I was in the fitting room at Nordstrom Rack trying on a random assortment of clothing, and in the quiet of that space on a Monday evening, a young girl’s running commentary in the room two doors down was clearly audible.
I’d seen her regarding herself in a full length mirror as I walked to my own room–door ajar, her mom standing with an appraising air over her as she wriggled into a swimsuit. What struck me was the tone of pure delight and body positivity that wafted from this young girl’s room as she tried on swimsuits. A task most American women speak and think of with something approaching dread, if not total dread outright. At what point did we change, focusing less on the promise of cool summer swimming and bright summer sun, and more on our perceived flaws and the inability of any piece of synthetic fabric to deliver us from them?
I remember when it happened to me. I remember the precise moment in time when a swimsuit ceased to be about color and pattern, a symbol of sunny fun times, and became an article infused with body anxiety.
I was eleven years old, and as I type that I am enraged at how young a sixth grader is, and how hers should be a refuge of popsicles and wading and splashes and challenging herself to jump off the high dive. It shouldn’t be as it was, a friend hissing into my ear at the public pool that I’d better start “sucking in”. A late bloomer, I’d just barely begun growing the breasts that would never advance past an A cup, and I had no idea to what she was referring. It was another mark of my hopeless naiveté, the unworldliness that seemed to plague me and mark me as an innocent among my peers.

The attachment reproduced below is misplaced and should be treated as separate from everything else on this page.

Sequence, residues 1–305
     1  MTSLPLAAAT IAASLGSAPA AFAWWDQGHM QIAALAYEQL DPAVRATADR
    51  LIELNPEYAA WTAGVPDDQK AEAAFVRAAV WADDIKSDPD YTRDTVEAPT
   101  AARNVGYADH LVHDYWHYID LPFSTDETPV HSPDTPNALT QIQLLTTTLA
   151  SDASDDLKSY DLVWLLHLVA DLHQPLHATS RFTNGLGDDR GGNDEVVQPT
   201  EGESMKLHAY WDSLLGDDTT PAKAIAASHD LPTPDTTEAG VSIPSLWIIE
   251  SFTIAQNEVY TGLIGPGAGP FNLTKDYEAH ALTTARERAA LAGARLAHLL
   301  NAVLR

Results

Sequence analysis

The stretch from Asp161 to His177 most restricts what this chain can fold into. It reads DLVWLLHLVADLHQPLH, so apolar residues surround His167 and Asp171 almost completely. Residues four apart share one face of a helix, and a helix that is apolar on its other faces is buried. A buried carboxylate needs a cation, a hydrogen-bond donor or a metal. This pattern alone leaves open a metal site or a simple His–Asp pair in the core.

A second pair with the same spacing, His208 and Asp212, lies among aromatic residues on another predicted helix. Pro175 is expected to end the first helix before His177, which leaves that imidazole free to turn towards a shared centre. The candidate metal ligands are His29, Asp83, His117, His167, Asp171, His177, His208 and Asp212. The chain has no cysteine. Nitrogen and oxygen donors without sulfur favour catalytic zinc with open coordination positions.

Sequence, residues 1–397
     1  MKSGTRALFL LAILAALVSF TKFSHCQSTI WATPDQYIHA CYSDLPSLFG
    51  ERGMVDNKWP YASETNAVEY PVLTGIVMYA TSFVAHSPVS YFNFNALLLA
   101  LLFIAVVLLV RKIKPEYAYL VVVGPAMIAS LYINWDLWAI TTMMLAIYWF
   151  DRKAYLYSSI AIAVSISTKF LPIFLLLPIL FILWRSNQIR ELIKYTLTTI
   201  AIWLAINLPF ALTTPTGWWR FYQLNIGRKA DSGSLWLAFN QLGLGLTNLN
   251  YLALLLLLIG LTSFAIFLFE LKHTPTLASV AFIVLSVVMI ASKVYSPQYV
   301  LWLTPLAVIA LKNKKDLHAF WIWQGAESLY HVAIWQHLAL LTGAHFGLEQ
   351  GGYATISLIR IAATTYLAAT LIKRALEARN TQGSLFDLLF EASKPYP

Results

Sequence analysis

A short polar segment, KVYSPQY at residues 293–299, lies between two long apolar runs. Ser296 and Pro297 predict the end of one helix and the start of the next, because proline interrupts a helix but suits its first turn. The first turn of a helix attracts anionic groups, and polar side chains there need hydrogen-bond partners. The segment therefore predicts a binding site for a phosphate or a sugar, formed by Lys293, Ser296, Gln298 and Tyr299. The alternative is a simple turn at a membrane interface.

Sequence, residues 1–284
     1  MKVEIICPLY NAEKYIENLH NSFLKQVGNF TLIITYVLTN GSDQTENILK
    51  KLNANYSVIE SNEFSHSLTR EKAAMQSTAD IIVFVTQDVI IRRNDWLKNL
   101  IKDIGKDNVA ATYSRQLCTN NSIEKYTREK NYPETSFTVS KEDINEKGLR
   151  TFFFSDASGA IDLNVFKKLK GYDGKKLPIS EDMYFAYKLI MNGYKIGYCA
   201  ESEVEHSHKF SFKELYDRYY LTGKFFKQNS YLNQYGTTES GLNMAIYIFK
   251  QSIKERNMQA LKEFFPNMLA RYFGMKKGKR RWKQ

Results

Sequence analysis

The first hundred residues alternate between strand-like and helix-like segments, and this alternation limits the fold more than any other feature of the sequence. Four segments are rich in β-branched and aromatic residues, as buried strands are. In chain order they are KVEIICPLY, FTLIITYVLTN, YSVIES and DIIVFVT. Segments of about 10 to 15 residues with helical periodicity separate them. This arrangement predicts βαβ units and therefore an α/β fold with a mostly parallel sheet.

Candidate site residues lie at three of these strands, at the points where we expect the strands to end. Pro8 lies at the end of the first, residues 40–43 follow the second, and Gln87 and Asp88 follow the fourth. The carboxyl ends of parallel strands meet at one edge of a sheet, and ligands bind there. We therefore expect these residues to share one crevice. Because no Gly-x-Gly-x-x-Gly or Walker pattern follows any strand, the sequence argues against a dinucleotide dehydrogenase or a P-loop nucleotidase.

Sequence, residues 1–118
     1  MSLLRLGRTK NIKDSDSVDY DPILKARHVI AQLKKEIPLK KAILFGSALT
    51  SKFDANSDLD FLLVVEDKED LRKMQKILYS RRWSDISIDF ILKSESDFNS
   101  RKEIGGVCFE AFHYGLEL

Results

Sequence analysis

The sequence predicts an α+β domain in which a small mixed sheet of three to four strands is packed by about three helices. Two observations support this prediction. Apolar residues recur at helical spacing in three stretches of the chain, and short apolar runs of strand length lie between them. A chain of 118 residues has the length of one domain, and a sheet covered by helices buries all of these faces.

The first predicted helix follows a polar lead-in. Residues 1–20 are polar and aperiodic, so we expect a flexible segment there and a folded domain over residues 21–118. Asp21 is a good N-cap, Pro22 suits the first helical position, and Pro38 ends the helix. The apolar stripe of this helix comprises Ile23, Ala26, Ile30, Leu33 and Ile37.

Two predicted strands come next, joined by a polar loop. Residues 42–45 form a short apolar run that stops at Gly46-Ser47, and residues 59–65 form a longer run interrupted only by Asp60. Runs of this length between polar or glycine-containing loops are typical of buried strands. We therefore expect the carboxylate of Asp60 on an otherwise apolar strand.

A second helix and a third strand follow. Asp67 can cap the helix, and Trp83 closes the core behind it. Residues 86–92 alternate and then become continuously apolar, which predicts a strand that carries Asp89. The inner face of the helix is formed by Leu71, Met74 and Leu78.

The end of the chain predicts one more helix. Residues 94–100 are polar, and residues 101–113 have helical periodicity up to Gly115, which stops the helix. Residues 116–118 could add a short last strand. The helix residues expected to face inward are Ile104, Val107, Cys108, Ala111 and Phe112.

I was in a one-piece ribbed teal affair (ribbed and teal should be your clues this was the early 90’s) I believed to be understated and chic; an middle schooler’s elegant departure from the previous year’s neon tankini. I looked down at myself and noted the difference between my friend and me was that while my stomach protruded out, hers was flat against her ribcage. Sucking in meant holding your breath so your stomach wouldn’t stick out. Got it. Forgot it. Was reminded. Got it.
The year before, I was the Big Girl at the neighborhood wading pool, strutting around in the aforementioned two-piece “bikini” I’d been absolutely psyched to procure. A bright coral tank with a shock of neon green and sleek black bottoms that made me feel like the Big Girl I was–an elementary school graduate. The suit was such a big, talked about (by me) deal, that a friend wrote on his birthday pool party invitation to “bring your bikini”. I stuck out my undeveloped breastbone and owned that baby pool. I felt absolutely fucking great about myself, entirely comfortable in my own skin, and excited about the physical changes that were due to take place any day now. I was like a character in a Judy Blume novel.
Society, man. By eleven, it was time for me to learn an important lesson–that there was a certain way your body had to look in a swimsuit in order to pull it off. It was no longer about how you felt or what activities you were enjoying or sporting your favorite color. And once I learned that lesson there seemed to be no going back. Even if, deep down, I still felt great about myself and chose suits based on their colors and patterns and looked very forward to their purchase because of their implicit promise of summer, I had to act otherwise. I would not be accepted by female peer groups if I showed my body confidence in swimwear because…well, because that’s just not what you do. I sucked in my stomach so that the teal fabric was as flat against my ribs as possible and tried to have fun anyway.